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CEE 346L – Geotechnical Engineering I Lab

Title: Visual Classification of Soil

Date of Test: 10/17/18


Report Prepared By: Abhishek Ray
Report Number: 5
Report Submission Date: 10/24/18
CEE 346L – Geotechnical Engineering I Lab

Contents
Introduction ................................................................................................................................................... 2
Equipment ..................................................................................................................................................... 2
Lab Procedures.............................................................................................................................................. 2
Data, Calculation and Results ....................................................................................................................... 5
Discussion ..................................................................................................................................................... 6
Conclusions ................................................................................................................................................... 7
Appendix ....................................................................................................................................................... 7

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CEE 346L – Geotechnical Engineering I Lab

Introduction
Although accurately predicting comes from experience, it’s a key skill of a geotechnical engineer to classify
soil visually as explained in the ASTM standard D-2488, quickly and reliably. Due to the sheer volume of
soil assessment prior to transportation that an engineer might perform in a typical day, this procedure was
developed. A window of 2-3 minutes is all they might have which may be a lot of pressure because he/she
would make the decision whether to use a certain material or not if the contractor witness unforeseen or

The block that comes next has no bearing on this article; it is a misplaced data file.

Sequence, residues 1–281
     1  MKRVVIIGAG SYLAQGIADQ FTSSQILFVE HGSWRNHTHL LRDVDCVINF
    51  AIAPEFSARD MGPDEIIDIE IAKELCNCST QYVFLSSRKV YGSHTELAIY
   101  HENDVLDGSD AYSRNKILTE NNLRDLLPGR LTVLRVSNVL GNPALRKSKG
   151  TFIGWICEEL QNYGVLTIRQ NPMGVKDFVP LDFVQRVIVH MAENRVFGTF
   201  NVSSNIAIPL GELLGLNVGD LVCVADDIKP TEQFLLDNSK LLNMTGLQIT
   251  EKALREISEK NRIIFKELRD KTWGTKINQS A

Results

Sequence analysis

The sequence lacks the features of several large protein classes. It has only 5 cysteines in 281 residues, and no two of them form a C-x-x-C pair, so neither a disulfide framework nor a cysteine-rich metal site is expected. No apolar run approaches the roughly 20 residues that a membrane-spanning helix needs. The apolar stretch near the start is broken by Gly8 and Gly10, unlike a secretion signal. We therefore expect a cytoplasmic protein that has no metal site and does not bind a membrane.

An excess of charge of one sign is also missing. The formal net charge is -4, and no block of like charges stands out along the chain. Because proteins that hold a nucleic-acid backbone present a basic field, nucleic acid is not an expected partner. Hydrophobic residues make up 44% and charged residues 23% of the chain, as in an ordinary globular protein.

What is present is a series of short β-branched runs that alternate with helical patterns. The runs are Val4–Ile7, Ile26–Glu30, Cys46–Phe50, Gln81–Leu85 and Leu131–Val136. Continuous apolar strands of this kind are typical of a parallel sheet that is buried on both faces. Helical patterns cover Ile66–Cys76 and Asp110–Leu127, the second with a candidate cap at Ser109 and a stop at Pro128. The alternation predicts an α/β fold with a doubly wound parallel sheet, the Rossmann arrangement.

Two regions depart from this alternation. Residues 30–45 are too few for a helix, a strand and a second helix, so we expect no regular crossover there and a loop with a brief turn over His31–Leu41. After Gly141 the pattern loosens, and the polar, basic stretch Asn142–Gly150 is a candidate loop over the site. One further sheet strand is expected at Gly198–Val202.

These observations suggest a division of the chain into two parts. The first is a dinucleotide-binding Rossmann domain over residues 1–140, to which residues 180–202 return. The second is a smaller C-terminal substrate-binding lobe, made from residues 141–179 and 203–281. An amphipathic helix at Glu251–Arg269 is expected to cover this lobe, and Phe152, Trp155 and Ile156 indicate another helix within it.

new conditions.

No special equipment is needed for this procedure but good notes on a data sheet is very helpful. Color,
geometry/shape of particles, moisture content, plasticity and an estimate of fines and gravel are some of the
key information that an individual must decipher from this test.

Equipment
No equipment needed

Lab Procedures
1.Observe the first sample. Touch and handle the
specimen.
2 Examine the moisture content of your sample.
Record your observations.
Use the following table from ASTM:

Figure 1. ASTM moisture content definition


3. Examine the color of your sample and make a note of it on your data
sheet.
4.Examine particle shape for sands and gravel sized particles according to
the following tables from ASTM. Do not attempt for silt and clay soils, as
the particles are too small to see with the naked eye.

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CEE 346L – Geotechnical Engineering I Lab

5. Estimate the gradation of the sample. Determine relative percentages of


gravel, sand and fines. Determine if the sample is “granular” or “fine grained,”
with 50% fines as the cut-off between the two categories. Record

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CEE 346L – Geotechnical Engineering I Lab

your observations.
6. Note for poorly-graded or well-graded?
7. Estimate the probable maximum particle size for the gravely samples
8. Note whether the samples is organic or inorganic if there large amounts of roots or
other organics present. Note the percentage of organics by VOLUME if and
only if present.
9. Note for the sample appear to be plastic or not. If so, estimate the plasticity of the
material based on the observed water content. Refer to Table 11 in the
ASTM standard for how to determine plasticity. Plasticity options for the
sheet and report are non-plastic, low plasticity, medium plasticity, high
plasticity.

10. For fine-grained samples, determine its consistency, softness,


Stiffness or hardness. Refer to Table 5 from the ASTM standard on how to
determine consistency.

11. For intact fine-grained samples determine the structure as follows in the